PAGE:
By the Grace of G‑d
Erev Shabbos-kodesh, 18 Elul
Sedra: “Come into the land”
Haphtorah: “Arise, shine, for your
light is come”
“The Seventh Year, a Shabbos unto G‑d,”
5740. [August 30, 1980] Brooklyn, N.Y.

To The Sons and Daughters of our
People Israel, Everywhere,
G‑d bless you all,

Heartfelt Shalom and Blessing:

As the year 5740 draws to its conclusion, and in these last days of preparation for the New Year—may it bring goodness and blessing to us and all our Jewish people, it is fitting to reflect on a point which, though mentioned on previous occasions, is particularly timely and relevant now; relevant also in terms of action, which is the essential thing.

We are referring to the fact that the outgoing year is a year of Shemittah, and the incoming year is a year of Hakhel.

The Mitzvah of Hakhel, as ordained in the Torah, is that at the end of every seven years, immediately after the year of Shemittah, when Jews make their pilgrimage to the Beis Hamikdosh (Temple), during the festival of Succos, all Jews had to be gathered (hakhel)—the men, and the women, and the children, even babies, and the king read to them sections from the Torah, selected for their content to stimulate Jews in the observance of Mitzvos and strengthen them in their faith and in Yiddishkeit; and it made a profound impression on them, as if they heard it from G‑d Himself.

One of the reasons why the mitzvah of Hakhel has been reserved for this particular time is the following: Inasmuch as the year of Shemittah is a “Shabbos unto G‑d,” when the time that was released from work in the field and orchard (the principal occupation in those days) was dedicated to increased Torah study, and to prayer and Mitzvos, in the fullest measure, it was the proper and fitting preparation to make their pilgrimage, all as one nation, and to make the people most receptive to the Torah reading, “as if they heard it from G‑d,” so that it evoked in them a profound soulful experience, as when the Torah was given at Sinai; and the impression was so deeply engraved upon their hearts and minds that it was subsequently reflected in the everyday life throughout all the years ahead.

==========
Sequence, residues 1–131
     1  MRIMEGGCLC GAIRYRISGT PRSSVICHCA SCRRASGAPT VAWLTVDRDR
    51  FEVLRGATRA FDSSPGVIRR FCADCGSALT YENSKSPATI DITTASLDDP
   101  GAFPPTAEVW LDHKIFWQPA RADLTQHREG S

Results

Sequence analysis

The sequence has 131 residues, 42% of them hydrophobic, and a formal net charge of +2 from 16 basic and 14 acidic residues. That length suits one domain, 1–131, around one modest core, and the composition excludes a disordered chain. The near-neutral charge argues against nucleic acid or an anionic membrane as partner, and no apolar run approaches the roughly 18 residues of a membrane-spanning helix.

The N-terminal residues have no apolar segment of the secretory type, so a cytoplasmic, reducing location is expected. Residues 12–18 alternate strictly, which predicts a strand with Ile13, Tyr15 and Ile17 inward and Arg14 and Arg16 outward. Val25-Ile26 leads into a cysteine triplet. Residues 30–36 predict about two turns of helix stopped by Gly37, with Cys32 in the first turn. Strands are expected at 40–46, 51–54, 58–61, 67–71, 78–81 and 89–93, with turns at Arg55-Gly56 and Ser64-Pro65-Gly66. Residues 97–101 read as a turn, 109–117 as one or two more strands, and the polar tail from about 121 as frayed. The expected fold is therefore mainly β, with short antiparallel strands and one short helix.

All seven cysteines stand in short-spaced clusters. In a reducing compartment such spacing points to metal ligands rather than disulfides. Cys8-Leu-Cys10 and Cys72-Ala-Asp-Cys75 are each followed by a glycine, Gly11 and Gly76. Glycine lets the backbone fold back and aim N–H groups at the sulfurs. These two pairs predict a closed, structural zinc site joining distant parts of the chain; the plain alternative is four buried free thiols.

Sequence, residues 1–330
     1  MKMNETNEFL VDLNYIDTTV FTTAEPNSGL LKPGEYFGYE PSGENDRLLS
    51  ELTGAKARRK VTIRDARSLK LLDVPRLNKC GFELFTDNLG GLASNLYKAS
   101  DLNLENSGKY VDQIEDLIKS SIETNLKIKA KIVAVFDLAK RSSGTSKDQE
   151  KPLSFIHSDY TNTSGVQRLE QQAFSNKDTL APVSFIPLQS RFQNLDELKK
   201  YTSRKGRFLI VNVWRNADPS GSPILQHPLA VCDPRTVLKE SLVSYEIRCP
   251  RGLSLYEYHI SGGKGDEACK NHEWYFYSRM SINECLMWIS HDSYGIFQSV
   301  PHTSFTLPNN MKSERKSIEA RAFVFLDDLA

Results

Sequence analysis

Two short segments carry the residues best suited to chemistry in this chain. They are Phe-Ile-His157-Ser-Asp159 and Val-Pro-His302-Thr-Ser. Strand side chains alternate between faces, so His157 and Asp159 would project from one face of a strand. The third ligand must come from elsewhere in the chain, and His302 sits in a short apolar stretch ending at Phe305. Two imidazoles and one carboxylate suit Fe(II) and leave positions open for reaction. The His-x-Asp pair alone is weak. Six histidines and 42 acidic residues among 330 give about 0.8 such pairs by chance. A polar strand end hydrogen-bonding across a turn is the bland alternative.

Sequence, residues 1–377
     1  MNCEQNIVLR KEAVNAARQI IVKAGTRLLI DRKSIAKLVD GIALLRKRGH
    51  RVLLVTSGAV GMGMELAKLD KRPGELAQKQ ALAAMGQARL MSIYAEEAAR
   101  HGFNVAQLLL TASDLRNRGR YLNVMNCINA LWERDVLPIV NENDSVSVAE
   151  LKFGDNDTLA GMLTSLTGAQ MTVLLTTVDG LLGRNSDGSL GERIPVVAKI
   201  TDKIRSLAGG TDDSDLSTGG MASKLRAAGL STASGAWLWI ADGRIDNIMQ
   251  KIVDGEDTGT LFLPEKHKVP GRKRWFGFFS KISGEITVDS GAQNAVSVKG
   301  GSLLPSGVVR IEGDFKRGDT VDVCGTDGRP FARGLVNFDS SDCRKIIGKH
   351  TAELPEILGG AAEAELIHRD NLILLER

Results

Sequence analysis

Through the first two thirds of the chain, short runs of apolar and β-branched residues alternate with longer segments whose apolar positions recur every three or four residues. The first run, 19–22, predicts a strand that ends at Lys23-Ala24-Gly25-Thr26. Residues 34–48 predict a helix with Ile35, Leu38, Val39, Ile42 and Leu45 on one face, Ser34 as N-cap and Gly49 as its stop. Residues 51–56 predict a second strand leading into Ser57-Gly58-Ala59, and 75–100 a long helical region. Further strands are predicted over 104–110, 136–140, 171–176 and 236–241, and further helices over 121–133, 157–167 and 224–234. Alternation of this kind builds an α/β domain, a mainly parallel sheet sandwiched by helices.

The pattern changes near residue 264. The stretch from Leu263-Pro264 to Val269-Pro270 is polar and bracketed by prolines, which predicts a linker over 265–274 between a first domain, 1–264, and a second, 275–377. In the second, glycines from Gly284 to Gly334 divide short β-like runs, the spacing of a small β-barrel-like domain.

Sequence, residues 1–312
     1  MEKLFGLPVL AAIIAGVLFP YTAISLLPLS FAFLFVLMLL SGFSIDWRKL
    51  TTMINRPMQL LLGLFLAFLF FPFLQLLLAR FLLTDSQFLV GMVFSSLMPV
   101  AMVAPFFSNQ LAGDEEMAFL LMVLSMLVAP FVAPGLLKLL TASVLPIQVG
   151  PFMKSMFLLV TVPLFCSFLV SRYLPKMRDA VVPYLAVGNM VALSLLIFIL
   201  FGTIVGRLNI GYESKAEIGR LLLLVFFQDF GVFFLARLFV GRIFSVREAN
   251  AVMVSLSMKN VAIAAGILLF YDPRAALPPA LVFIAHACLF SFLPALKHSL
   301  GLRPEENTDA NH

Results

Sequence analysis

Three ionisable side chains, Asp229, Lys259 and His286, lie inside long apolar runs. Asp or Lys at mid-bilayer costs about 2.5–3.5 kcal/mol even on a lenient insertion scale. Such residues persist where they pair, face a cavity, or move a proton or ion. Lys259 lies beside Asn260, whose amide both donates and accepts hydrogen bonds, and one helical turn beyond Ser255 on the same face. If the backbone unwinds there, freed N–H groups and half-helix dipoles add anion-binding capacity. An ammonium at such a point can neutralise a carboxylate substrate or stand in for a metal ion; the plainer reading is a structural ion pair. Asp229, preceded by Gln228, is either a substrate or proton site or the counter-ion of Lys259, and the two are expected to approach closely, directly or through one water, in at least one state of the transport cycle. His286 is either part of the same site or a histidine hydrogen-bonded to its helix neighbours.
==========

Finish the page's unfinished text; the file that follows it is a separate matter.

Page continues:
Although the Mitzvah of Hakhel, in its concrete and plain form, is connected with the time of the Beis Hamikdosh, there is the well-known principle that all matters that are connected with the Beis Hamikdosh, such as sacrifices and the like, are in their spiritual content relevant at all times. This is why the daily prayers, which have been enacted in the place of the sacrifices, substitute for them. A Jew prays with all his heart, offers himself completely in submission to his Creator, and is ready to sacrifice the best of his possessions and his most passionate interests (the “fat and the blood”) to the will of G‑d—and it is acceptable to G‑d as a “burnt offering” in the Beis Hamikdosh. Indeed, also during the times when Jews had a central Sanctuary and Mikdosh and actually offered sacrifices there, it was the Jewish heart that He desired most, in accordance with His imperative, request, and promise: “Let them make Me a Sanctuary, and I will dwell within them”—in their innermost Jewish hearts.

The same is true of Shemittah. For although the commandment to work the soil for six years and rest during the seventh year is confined to the Land of Israel (where the soil, too, is sacred) and not anywhere else, yet the spiritual content of Shemittah as a “Shabbos unto G‑d,” in the sense of the holiness of Shabbos, is enduring and relevant everywhere and at all times, and is bound up with the holiness of the “Holy Nation”; and this holiness transcends the limitations of time and space.

In light of the above, and since we are at the threshold of the year of Hakhel, it behooves everyone of us to reflect earnestly on the content and purpose of this Mitzvah, which is, as the Torah declares: “. . . in order that they may hear, and that they may learn, and fear G‑d, your G‑d, and observe to do all the words of this Torah; and that their children, who know not (as yet), should hear and learn to fear G‑d, your G‑d.”

It is also obvious how strongly the Mitzvah of Hakhel emphasizes the Torah-education of our children. It follows that also those who are grown in years but still “children” in Yiddishkeit; all those “who know not,” who, for one reason or another, did not get the proper Jewish education; and even those who belong to the category of “one who knows not to ask,” namely, those who do not know, and do not feel, that they miss something and should ask and seek help—these also must be assembled to let them hear and learn what Torah is, what a Mitzvah is, in a manner of learning that would imbue them with fear of G‑d, and, most importantly, that they should “observe and do all the words of this Torah,” the Torah from Sinai that shall never be changed — all of the above with such impact, “as if they heard it from G‑d Himself.”

May G‑d grant that everyone, man, woman and child in the midst of all our people should act in all the above mentioned matters, to strengthen, deepen, and disseminate Yiddishkeit in the everyday life, both in themselves and their families as well as in their surroundings, in the fullest measure, and this will bring still more blessings with the kesivo vachasimo toivo in all respects, materially and spiritually.

And all Jews—the men, and the women, and the young children—should very soon indeed merit the true and complete Geulo through our righteous Mashiach, through realizing and acting accordingly and from now on while still in Golus: “We are Your people and sheep of Your pasture, we will thank You for ever; we will tell Your praise to generation and generation.”

With esteem and blessing for a
Kesivo vachasimo toivo for a
Good and Sweet Year, and for
Hatzlocho in all above,

/Signed: Menachem Schneerson/